China made its biggest purchase ever of US corn in another boost to meeting agriculture targets set in the countries’ “phase one” trade accord.
The US Department of Agriculture on Tuesday said that exporters sold 1.762 million tonnes of corn, the fourth-biggest spot deal ever for the grain.
The agency on Friday last week reported a sale of 1.365 million tonnes to China.
China is poised to meet or surpass import quotas set by the WTO for 7.2 million tonnes of corn from any country in a year. Beijing issued a new batch of permits that allow imports at lower tariffs.
The nation agreed to buy US$36.5 billion in agricultural commodities this year from the US as part of the trade accord, up from US$24 billion in 2017.
The buying spree of US agricultural products could help US President Donald Trump shore up support from farmers ahead of the November presidential election.
The farming sector is crucial to maintain farm and rust-belt states that carried him to victory four years ago.
US farmers have received billions in aid payments after crop, meat and other farm-product exports declined in 2018 as a US-China trade dispute worsened.
“Right now, the purchases give the president something concrete to talk about in helping corn belt crop farmers, but I think the impact politically is pretty marginal at this point,” University of Illinois agriculture economist Scott Irwin said in a message.
Tensions were also flaring between the US and China, potentially threatening the trade accord.
At a news conference at the White House on Tuesday, Trump said he issued an order to end Hong Kong’s special status with the US and signed legislation that would sanction Chinese officials responsible for cracking down on political dissent in Hong Kong.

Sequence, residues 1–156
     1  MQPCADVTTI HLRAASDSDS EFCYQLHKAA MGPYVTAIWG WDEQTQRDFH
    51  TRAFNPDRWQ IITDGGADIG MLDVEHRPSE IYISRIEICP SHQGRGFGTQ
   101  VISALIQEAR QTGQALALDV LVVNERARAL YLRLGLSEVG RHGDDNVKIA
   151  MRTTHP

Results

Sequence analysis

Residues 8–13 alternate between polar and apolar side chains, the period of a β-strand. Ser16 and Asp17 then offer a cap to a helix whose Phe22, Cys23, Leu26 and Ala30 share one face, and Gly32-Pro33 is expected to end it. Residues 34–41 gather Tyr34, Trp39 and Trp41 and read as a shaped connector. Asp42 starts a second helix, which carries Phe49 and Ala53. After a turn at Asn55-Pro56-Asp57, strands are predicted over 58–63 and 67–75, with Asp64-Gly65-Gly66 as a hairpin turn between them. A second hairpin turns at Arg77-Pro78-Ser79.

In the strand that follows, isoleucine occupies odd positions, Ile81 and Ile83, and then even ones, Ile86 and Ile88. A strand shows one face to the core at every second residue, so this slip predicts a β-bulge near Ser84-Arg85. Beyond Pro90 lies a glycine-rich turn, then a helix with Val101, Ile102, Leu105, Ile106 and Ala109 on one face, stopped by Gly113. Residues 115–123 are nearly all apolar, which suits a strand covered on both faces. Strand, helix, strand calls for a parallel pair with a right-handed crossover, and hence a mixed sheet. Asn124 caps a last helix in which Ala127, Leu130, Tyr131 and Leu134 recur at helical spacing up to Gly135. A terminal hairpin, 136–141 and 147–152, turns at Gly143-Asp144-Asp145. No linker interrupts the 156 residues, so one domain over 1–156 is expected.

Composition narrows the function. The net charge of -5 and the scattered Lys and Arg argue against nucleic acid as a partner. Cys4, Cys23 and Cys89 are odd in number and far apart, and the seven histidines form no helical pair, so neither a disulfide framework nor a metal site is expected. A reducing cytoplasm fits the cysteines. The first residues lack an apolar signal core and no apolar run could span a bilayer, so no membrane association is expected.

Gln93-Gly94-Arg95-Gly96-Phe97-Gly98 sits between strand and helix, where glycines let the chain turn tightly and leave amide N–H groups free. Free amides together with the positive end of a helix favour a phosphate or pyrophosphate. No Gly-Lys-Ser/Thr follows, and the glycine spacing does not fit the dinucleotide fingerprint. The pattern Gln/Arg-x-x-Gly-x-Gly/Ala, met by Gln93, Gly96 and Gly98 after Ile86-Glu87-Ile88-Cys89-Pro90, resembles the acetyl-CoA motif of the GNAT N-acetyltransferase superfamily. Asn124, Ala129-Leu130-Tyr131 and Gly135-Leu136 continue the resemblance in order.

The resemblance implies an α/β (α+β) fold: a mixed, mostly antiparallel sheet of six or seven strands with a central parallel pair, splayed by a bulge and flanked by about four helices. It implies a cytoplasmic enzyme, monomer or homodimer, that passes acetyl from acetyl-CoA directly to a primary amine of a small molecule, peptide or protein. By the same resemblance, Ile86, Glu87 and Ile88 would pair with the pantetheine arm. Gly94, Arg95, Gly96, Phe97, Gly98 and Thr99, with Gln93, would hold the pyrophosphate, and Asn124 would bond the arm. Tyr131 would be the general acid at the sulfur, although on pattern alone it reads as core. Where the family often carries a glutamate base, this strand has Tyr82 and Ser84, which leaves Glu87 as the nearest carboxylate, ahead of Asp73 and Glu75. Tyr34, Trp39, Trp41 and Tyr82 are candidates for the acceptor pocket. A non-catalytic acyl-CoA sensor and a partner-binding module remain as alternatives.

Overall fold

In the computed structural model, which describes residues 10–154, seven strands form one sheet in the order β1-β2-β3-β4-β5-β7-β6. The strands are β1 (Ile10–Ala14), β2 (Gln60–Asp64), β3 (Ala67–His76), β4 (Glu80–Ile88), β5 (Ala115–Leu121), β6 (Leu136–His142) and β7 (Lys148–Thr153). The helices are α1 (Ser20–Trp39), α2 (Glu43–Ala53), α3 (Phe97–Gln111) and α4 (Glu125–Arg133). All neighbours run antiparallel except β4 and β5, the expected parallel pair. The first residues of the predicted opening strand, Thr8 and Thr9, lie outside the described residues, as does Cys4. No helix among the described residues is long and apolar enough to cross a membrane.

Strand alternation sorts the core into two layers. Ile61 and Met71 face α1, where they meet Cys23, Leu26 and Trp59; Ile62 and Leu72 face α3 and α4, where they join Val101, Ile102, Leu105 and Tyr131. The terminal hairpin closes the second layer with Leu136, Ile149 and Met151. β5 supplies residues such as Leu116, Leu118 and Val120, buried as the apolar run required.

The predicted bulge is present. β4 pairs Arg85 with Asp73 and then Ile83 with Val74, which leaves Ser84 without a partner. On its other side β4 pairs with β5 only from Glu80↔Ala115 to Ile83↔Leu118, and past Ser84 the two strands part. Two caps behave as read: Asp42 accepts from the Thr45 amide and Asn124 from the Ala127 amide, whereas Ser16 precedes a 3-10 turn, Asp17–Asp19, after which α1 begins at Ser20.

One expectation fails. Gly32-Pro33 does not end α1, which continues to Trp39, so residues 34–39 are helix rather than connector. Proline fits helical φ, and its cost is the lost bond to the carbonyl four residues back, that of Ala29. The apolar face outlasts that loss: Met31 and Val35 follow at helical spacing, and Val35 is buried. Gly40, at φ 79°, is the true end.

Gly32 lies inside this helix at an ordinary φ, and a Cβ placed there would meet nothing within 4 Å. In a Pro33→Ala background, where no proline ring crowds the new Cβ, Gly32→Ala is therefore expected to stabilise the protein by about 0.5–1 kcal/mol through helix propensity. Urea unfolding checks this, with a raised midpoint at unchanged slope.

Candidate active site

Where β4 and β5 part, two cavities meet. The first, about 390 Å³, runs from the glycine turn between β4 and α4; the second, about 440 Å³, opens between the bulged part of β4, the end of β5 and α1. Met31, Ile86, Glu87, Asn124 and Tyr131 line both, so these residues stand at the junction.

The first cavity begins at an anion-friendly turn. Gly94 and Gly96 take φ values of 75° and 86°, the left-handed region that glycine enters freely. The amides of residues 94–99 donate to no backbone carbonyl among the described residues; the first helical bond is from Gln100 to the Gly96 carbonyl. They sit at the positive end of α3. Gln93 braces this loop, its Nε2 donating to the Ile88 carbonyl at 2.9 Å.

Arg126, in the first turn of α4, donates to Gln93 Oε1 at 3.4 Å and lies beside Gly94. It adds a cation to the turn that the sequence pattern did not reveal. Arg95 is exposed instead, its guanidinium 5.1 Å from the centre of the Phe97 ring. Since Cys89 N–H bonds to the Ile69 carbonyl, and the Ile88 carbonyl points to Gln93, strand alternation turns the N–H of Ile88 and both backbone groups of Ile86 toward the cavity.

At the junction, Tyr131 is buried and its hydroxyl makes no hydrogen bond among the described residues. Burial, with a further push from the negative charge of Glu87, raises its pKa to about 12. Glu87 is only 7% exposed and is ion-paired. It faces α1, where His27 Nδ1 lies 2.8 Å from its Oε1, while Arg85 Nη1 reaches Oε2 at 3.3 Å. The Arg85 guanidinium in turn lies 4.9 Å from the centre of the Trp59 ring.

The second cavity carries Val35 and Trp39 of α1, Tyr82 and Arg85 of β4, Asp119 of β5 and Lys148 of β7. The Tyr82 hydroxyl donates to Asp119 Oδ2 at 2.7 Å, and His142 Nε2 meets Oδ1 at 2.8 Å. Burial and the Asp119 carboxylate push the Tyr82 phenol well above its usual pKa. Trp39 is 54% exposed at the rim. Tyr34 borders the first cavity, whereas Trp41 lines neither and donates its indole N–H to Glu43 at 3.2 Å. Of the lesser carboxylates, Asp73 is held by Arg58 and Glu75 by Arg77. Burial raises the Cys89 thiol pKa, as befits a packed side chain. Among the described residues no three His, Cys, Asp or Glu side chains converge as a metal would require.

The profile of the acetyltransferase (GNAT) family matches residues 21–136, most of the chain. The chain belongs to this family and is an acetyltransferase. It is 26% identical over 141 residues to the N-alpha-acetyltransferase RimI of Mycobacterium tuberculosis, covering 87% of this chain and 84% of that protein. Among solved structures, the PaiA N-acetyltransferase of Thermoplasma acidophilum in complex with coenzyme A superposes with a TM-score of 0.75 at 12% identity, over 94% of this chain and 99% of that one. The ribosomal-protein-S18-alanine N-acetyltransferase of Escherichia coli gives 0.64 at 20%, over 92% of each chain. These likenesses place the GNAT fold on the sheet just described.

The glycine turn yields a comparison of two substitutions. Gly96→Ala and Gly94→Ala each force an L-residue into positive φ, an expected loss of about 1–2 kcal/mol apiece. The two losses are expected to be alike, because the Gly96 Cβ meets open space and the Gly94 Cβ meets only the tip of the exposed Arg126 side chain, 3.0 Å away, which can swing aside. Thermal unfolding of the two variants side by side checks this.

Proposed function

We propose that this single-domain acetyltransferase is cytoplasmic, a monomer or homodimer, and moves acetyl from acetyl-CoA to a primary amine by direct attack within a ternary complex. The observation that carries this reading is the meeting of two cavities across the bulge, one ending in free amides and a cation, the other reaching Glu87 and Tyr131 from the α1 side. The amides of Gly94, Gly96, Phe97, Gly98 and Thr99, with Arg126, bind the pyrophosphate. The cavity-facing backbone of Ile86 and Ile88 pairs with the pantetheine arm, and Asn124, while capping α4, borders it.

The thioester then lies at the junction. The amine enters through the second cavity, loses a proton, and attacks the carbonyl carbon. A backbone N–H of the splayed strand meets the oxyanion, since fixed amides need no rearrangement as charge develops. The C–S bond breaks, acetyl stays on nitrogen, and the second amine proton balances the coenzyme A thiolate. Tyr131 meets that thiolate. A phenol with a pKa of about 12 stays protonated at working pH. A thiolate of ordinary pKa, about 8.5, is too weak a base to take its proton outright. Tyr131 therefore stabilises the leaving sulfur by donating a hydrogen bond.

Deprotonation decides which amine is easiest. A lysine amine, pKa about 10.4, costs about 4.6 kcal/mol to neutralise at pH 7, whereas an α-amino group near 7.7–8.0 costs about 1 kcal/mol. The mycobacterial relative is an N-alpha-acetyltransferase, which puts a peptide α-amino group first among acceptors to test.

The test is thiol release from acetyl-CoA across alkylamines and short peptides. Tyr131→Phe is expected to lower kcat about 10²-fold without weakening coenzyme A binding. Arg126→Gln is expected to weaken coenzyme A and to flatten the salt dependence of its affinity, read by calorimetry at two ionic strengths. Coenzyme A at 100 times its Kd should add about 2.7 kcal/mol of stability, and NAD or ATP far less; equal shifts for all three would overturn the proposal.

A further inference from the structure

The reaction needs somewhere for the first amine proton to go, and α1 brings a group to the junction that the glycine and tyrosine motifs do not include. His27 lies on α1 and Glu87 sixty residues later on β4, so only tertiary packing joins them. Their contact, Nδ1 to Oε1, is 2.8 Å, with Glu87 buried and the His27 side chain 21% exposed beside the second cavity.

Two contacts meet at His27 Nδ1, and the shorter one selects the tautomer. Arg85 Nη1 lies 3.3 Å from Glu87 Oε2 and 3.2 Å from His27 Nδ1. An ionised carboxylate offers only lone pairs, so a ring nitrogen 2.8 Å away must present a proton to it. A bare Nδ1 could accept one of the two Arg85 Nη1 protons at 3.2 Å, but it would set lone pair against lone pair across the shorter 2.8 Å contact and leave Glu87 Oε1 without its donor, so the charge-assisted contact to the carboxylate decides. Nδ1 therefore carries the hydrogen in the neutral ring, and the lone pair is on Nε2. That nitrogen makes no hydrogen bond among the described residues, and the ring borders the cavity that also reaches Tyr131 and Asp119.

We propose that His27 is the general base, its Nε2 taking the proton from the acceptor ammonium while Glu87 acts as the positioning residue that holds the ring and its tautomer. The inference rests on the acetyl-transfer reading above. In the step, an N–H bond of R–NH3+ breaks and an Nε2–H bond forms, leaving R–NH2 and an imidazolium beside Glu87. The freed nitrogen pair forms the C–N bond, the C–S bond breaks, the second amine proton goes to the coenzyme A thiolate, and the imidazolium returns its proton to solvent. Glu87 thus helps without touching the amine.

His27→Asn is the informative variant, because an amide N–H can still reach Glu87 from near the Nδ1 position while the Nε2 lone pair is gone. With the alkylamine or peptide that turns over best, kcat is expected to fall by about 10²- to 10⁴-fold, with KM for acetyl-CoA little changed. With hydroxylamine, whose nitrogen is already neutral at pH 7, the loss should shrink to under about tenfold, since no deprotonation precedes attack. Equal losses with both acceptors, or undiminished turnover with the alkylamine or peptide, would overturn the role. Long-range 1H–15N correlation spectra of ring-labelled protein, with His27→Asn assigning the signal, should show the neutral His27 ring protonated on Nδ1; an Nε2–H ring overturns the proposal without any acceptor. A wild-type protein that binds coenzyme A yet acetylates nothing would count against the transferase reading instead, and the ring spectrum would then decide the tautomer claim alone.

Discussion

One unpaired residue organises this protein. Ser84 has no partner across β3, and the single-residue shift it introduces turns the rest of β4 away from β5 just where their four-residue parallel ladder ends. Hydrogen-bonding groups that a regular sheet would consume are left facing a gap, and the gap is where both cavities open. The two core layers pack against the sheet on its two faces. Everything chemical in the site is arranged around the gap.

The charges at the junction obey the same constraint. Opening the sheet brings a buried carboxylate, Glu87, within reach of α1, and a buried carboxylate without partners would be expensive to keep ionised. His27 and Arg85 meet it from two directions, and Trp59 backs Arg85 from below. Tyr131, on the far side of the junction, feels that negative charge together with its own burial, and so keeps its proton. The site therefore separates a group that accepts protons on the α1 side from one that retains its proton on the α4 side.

He has no plans to speak to Chinese President Xi Jinping (習近平), Trump added.
He also said there have been increased Chinese agricultural purchases.
“A lot of people ask, how are they doing on the trade deal?” Trump said. “Well, they’re buying a lot.”
That follows Trump’s statement last week that he was not considering a second phase to the trade deal.
For US farmers, ample grain supplies, lackluster demand and relatively benign weather for crops have pressured prices for Chicago corn futures, despite the record sales to China.
“The key is whether the purchases lift grain prices off of recent lows for a sustained period of time,” Irwin said. “This looks to be tough to do right now, because rains are improving the outlook for yields at the same time.”
China’s imports of other raw materials from crude oil to soybeans surged last month as the economy started to recover from the worst of the COVID-19 pandemic.
In the US, virus cases are rising and commodity markets are under pressure from limited demand for feed and fuel.
The huge export sales have a more modest impact on corn futures than normal, with grain inventories rising faster than consumption.
“China would need to buy five times this amount just to get us close to the carryover we currently have,” said John Payne, a senior futures and options broker at Daniels Trading in Chicago. “This is a positive development, though.”
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